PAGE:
Israel reopens Gaza border crossings
Israel on Thursday fully reopened its border crossings with the Gaza Strip that were closed following militant rocket fire during President Barack Obama's visit to the region last week, the military said.
Hours before the U.S. leader visited the West Bank, Palestinian militants fired two rockets from Gaza into a southern Israeli city, causing damage but no injuries. The attack prompted Israel to close its only border crossing for commercial goods with the coastal territory, and to restrict its only civilian crossing to humanitarian cases only. It also limited the stretch of the sea where Gaza fishermen were allowed to fish.
The Israeli military said it has now reopened the commercial crossing and is allowing Palestinians with entry permits to cross into Israel through the civilian crossing, but the fishing restrictions are still in place.
A small al-Qaida-inspired group calling itself the Mujahideen Shura Council in the Environs of Jerusalem had claimed responsibility for last week's rocket fire.
In a statement emailed to The Associated Press, it said it was sending a message to "Osama's soldiers" - a reference to al-Qaida's late mastermind Osama bin Laden - to protest the visit by "the Roman dog Obama" and to continue its campaign of holy war, or jihad.
The claim could not be independently verified but Israel holds Gaza's militant Hamas rulers responsible for all attacks coming from the coastal area.
Over the past decade, Gaza militants have fired thousands of rockets and mortar shells at Israel. In November, the Israeli military carried out an offensive on Gaza, assassinating Hamas' military commander and bombing rocket-launching sites and Hamas training facilities, before the two sides reached a truce. The rocket fire last week was the second time Gaza militants breached the November ceasefire.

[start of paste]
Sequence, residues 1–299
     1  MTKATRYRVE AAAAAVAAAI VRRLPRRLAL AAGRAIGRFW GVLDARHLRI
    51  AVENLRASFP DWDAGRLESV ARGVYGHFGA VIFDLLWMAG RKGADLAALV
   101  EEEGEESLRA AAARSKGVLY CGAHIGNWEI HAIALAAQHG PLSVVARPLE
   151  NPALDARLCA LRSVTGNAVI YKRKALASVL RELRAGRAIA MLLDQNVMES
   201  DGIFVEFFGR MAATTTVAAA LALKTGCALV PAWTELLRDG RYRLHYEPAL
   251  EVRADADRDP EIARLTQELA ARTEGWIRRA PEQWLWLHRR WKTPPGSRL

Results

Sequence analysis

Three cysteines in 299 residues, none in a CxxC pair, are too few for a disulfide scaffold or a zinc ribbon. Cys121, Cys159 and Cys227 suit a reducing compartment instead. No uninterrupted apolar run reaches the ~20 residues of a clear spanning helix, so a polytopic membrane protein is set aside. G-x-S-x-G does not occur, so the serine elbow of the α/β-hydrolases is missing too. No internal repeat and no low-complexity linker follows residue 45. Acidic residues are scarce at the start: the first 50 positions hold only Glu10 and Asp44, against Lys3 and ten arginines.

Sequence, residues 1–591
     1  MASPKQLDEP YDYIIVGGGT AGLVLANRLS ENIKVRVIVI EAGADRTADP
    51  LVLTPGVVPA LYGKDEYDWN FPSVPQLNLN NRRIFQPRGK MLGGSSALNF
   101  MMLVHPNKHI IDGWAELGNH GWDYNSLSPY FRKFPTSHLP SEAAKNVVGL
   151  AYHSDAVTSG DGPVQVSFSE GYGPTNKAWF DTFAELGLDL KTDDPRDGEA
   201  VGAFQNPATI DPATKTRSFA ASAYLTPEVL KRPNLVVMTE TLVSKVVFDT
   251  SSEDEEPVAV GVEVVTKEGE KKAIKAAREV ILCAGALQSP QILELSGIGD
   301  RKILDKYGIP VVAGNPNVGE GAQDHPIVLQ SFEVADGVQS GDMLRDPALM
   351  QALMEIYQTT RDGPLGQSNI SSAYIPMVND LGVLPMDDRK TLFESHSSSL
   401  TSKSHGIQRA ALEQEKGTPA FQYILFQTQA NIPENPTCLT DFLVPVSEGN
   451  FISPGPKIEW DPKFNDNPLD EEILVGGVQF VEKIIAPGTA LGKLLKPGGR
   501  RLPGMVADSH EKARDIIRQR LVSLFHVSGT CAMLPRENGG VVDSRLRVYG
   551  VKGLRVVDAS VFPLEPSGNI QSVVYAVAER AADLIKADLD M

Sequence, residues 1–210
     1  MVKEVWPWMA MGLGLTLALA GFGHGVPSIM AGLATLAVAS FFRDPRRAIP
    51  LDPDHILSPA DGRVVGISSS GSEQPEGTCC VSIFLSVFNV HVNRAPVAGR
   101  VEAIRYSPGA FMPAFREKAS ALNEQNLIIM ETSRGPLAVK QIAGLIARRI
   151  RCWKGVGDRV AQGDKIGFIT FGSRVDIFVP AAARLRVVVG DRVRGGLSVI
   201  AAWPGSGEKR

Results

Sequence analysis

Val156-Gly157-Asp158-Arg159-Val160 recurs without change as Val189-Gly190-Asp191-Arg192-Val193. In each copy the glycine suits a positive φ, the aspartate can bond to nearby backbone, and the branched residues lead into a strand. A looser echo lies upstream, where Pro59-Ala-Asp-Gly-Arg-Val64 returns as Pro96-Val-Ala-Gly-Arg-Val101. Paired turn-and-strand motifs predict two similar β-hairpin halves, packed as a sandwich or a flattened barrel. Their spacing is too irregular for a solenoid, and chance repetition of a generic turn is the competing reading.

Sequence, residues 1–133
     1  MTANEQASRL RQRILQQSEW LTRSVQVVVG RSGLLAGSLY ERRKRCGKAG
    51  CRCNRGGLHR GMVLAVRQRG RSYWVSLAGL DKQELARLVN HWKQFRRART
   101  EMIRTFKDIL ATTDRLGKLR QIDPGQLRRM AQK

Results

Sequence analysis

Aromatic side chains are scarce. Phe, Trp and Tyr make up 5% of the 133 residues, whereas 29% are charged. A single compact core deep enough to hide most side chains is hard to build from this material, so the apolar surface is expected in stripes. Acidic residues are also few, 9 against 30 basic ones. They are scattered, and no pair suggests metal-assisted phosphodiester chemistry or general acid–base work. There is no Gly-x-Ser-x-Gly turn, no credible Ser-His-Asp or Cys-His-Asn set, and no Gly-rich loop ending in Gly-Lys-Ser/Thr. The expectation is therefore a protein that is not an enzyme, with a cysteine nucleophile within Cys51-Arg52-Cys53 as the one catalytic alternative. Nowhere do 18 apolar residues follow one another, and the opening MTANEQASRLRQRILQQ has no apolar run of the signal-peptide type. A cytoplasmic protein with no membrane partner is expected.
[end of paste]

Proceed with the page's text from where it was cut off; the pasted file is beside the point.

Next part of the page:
Also Thursday, Israel's military said it arrested five Hamas activists in the West Bank city of Hebron the previous day. In the West Bank, Palestinian security forces said the arrested included Hamas legislator Mohammed Jamal Natshe and four local Hamas leaders - Abdul-Khaliq Natsheh, Mohammed Shawar, Amjad Hammouri and Jawad Jabari.
Israel has repeatedly arrested Hamas legislators in the West Bank for belonging to the Islamic militant group, considered a terror organization by Israel and the West. Hamas won a majority in the Palestinian parliament in 2006 elections, but the legislature stopped functioning after Hamas seized Gaza Strip from Palestinian President Mahmoud Abbas' Fatah faction in 2007, leading to a territorial split between the two factions. Fatah now controls only the West Bank.
Associated Press writer Karin Laub in Ramallah, West Bank, contributed to this report.